Killers of a Certain Age by Deanna Raybourn
Published by Berkley Books
Publication date: September 6, 2022
Genres: Book Clubs, Fiction, Suspense, Humor
Your Local Book Store, Amazon
Before I dash into Thanksgiving week, I thought I’d review the kind of novel everyone needs when dealing with too much family togetherness and food. It’s Killers of a Certain Age by Deanna Raybourn and it is FUN. Which may be an odd word choice for a novel about assassins, but there you have it. Natalie, Billie, Mary Alice, and Helen are all in their sixties and have known each other for over 40 years. They met at a training camp to become killers for an organization known as the Museum. Now it’s time to retire and the company has sent them on a cruise to relax and reconnect. Which is all fine until the ship they’re on is blown up and they narrowly escape with their lives. A phone call to a trusted source confirms someone within the organization has ordered their termination.
Killers of a Certain Age begins in the late 70s with the women being trained to be the first of their kind—an elite squad of female assassins. The Museum is a non-governmental organization founded to hunt Nazis after WWII. It’s has now moved onto to bringing justice to other nefarious individuals like drug cartel leaders, sex traffickers, and dictators. The women have no idea why they’ve been targeted or who ordered it, but they know that the only way out is to go to the top and get answers from the men in charge. Or kill them. Either works.
This is classic spy school meets McGyver reading. Each of the women have a special set—Natalie loves anything noisy, from guns to bombs while Helen is a sharpshooter, Mary Alice is fascinated by poison, and Billie, well, she leads. In addition, the women are schooled to move in any kind of society. They present as the perfect wife, girlfriend or mistress, speaking multiple languages, exquisite manners, educated, charming. But underneath they’re vicious assassins.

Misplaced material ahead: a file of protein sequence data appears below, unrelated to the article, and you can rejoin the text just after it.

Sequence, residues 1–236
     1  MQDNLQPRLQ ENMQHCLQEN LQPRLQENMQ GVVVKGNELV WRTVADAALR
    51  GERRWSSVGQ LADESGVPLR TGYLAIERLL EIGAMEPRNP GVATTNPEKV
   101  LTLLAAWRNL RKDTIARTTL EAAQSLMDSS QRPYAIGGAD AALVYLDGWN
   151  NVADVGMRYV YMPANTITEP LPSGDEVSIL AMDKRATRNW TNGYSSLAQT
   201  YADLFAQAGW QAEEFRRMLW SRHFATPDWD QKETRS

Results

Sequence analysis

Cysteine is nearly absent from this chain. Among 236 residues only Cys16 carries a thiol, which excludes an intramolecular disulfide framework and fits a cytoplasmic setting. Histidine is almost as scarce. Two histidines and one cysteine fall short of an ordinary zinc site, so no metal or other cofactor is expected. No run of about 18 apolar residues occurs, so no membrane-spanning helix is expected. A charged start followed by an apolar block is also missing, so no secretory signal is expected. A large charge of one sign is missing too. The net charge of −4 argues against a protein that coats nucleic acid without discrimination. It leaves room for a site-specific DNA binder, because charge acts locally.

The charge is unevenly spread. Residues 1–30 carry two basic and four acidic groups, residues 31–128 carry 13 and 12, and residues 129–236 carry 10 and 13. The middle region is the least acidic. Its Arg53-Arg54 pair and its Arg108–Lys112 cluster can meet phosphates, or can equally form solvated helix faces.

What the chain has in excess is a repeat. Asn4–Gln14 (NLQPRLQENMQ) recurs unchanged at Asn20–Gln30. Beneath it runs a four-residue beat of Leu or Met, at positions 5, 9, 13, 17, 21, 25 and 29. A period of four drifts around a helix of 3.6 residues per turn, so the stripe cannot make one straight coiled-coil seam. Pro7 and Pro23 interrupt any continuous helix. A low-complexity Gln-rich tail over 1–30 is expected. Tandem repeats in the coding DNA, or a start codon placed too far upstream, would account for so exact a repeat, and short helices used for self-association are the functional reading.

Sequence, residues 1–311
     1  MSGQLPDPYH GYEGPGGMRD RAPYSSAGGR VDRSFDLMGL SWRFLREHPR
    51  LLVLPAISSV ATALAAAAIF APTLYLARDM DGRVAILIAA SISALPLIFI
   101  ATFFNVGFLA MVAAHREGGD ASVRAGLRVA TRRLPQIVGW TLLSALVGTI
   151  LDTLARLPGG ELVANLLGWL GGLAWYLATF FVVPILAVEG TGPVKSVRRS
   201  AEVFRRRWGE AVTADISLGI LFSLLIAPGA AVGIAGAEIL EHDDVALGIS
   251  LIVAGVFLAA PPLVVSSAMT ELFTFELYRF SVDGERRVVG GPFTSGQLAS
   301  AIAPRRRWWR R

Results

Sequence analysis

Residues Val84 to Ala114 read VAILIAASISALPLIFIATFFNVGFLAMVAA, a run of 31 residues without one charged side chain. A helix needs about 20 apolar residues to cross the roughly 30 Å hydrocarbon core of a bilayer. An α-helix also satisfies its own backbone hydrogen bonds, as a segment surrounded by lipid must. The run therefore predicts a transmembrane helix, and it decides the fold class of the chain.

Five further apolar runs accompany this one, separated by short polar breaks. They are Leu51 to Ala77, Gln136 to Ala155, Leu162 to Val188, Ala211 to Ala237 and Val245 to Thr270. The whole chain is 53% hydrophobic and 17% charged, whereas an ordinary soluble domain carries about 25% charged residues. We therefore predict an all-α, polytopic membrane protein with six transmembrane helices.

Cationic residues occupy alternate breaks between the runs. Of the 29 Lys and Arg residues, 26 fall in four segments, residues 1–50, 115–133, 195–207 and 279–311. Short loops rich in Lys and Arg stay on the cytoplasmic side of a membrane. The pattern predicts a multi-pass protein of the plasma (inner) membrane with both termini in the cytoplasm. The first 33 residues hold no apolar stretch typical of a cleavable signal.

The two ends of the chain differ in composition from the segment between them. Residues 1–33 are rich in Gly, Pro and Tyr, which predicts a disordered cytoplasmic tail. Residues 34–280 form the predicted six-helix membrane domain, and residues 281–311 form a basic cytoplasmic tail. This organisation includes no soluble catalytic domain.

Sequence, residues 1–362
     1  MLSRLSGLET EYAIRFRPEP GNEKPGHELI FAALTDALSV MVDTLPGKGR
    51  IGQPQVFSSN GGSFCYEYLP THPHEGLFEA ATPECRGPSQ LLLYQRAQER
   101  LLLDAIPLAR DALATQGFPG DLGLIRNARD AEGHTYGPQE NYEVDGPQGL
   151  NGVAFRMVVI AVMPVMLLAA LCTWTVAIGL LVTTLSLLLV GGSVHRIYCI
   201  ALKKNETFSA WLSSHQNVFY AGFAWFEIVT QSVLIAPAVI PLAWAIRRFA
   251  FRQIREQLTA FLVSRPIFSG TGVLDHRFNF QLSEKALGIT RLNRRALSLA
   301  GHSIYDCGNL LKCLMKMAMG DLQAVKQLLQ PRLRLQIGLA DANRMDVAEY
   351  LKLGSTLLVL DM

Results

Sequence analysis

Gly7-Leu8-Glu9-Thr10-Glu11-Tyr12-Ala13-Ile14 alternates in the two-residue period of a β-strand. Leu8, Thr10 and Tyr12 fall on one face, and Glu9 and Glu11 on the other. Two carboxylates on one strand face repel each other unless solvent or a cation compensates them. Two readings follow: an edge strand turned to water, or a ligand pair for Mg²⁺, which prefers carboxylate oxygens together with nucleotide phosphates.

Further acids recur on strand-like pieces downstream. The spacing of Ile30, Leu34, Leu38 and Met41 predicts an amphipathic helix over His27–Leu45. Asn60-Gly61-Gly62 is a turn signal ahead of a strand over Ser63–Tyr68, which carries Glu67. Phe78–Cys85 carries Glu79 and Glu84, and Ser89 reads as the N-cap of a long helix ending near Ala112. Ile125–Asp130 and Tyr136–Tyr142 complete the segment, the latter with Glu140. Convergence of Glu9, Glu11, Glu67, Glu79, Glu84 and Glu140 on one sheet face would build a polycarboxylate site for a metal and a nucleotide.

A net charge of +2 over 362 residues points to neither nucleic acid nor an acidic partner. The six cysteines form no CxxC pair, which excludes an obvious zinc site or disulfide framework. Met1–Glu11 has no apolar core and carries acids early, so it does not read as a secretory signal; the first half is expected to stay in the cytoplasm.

The fun lies in the fact these accomplished, wise women are mortal and facing the aging process. Joints ache, eyes don’t see without reading glasses, they’re losing hair and gaining weight. They have every day, normal problems. Not fun, but Natalie, Mary Alice, Helen, and Billie are relatable, even as they’re turning innocuous household or beauty items into weapons. They could be a bridge club, if the cards were coated with a slow-acting poison (my idea, not the book). This clever intersection of brains, age, and the bonds of friendship are the novel’s heart.
Another critical element (at least to this old dame), is how the women turn their supposed weaknesses into strengths. They make their experience work for them while making gender and age stereotypes work against their targets, who vastly underestimate them. This, plus sharp, dry humor and the bonds of friendship make for vastly entertaining reading. The kind where you settle in and enjoy the ride. Look too closely and you might see inconsistencies in the plot, but when a novel engages me this much, I can let them slide. For any reader feeling as if they’ve reached an age of invisibility Killers of a Certain Age is welcome, exuberant reading.
Like to see women ‘of a certain age’ represented in fun fiction? Try Brilliant, a series about a middle-aged jewel thief. Happy reading!
This post contains affiliate links which means if you click on a link and make a purchase of any kind, I get a small commission (at no cost to you).
This does sound fun – I’m sure many patrons will be enjoying this and I’ll try to read it too. Happy Thanksgiving!
The same to you! Stay safe, I hear there’s some dreadful weather headed your way.